In Canada, oil prices have dropped to as much as $40 per barrel below prices in the United States. Why is that? Well, among other things, it is because they have no way to get it to market. They took so long to build the pipelines like Keystone XL and Transmountain because indigenous climate protests, although eventually thwarted by President Cobblepot, succeeded in slowing everything down and sending wrecking balls through crucial financial timelines.

The classic study on protest is by Maria Stephan and Erica Chenoweth, “Why civil resistance works: The strategic logic of nonviolent conflict.” (International Security 33, no. 1 (2008): 7–44.) Stephan and Chenoweth found that despite being twice as successful as violent conflicts, peaceful resistance still failed 47% of the time to accomplish its goals. Looking at 323 violent and nonviolent civil resistance and social movements from 1900 to 2006, the researchers learned that although the exact dynamics will depend on many factors, around 3.5% of a nation’s population actively participating in the protests is enough to ensure lasting political change. For a nation like the US, that would be 11 million people.

Scale is one prerequisite. The other stepping stones to success are presenting a clear and unambiguous request; addressing the person or institution empowered to meet that request; and putting leverage on that person or institution in an ethically unassailable way. If you can do these last three strategies with a small number of people, you may reach the needed scale for unstoppable change.

The M.L. King Center has six more precepts to consider:

  1. Nonviolence is a way of life for courageous people.
  2. Nonviolence seeks to win friendship and understanding.
  3. Nonviolence seeks to defeat injustice, not people.
  4. Nonviolence holds that suffering can educate and transform.
  5. Nonviolence chooses love instead of hate.
  6. Nonviolence believes that the universe is on the side of justice.

Did the Standing Rock water protectors know when they camped in the snow that they would so increase the cost of oil production that they would bankrupt hundreds of companies? No. In the end, they were forcibly evicted and the pipeline laid under their rivers and lake and over their sacred sites.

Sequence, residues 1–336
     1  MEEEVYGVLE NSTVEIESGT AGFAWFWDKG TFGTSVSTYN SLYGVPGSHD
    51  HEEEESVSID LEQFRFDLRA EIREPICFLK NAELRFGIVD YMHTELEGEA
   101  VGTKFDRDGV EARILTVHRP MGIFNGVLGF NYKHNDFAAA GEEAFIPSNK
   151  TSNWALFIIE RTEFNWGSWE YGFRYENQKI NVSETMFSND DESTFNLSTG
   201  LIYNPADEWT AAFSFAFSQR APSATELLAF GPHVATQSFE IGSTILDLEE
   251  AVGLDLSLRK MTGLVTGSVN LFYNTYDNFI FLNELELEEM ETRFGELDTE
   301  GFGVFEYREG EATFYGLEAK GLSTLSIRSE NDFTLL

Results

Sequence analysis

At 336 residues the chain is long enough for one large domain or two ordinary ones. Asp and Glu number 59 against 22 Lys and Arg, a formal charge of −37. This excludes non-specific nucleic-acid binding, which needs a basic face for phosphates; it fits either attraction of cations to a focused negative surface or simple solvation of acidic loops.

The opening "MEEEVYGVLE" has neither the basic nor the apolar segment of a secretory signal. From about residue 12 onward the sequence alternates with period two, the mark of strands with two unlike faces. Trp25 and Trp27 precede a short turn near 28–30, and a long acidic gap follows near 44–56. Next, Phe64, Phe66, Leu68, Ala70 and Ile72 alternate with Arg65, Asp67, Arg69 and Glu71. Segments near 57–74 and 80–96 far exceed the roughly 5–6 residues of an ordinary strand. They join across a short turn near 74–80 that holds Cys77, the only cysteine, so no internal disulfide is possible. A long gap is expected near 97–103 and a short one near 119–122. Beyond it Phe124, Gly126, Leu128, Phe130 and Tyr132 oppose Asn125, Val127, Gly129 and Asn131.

That didn’t matter. They chose the right place at the right time and chose love not hate. Their message was conveyed to the world. Their protest is not over.

Greta Thunberg, the 17-year-old leader of School Strike in Sweden and around the world, is following these same steps when she speaks truth to power. She has set the example of a courageous way of life. Her request is clear and unambiguous. In Davos, Washington, London, and Geneva she is addressing the persons and institutions empowered to meet that request and they are starting to respond. Her leverage is her charisma. The scale is building. Three point five percent is 260 million of us. Every Friday.

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Albert Bates

Albert Bates was a civil sector representative at the Copenhagen climate conference, trying to point the world back towards a stable atmosphere using soils and trees.  His book BURN: Using Fire to Cool the Earth has just been released and his book Plastics: From Pollution to Evolution is due out in April 2019. Past books include Climate in Crisis and The Post-Petroleum Survival Guide and Cookbook. Working with the Global Ecovillage Network he has taught appropriate technology, natural building and permaculture to students from more than 60 nations. A former environmental rights lawyer, paramedic, brick mason, flour miller, and horse trainer, Albert Bates received the Right Livelihood Award in 1980 as part of the steering committee of Plenty, working to preserve the cultures of indigenous peoples, and board of directors of The Farm, a pioneering intentional community in Tennessee for the past 40 years. He has taught appropriate technology, natural building and permaculture to students from more than sixty nations. A co-founder and past president of the Global Ecovillage Network, he is presently GEN’s representative to the UN climate talks. When not tinkering with fuel wringers for algae, hemp cheeses, or pyrolizing cookstoves, he teaches permaculture, ecovillage design and natural building and is a frequent guest on the ETC Podcast.

Tags: non-violence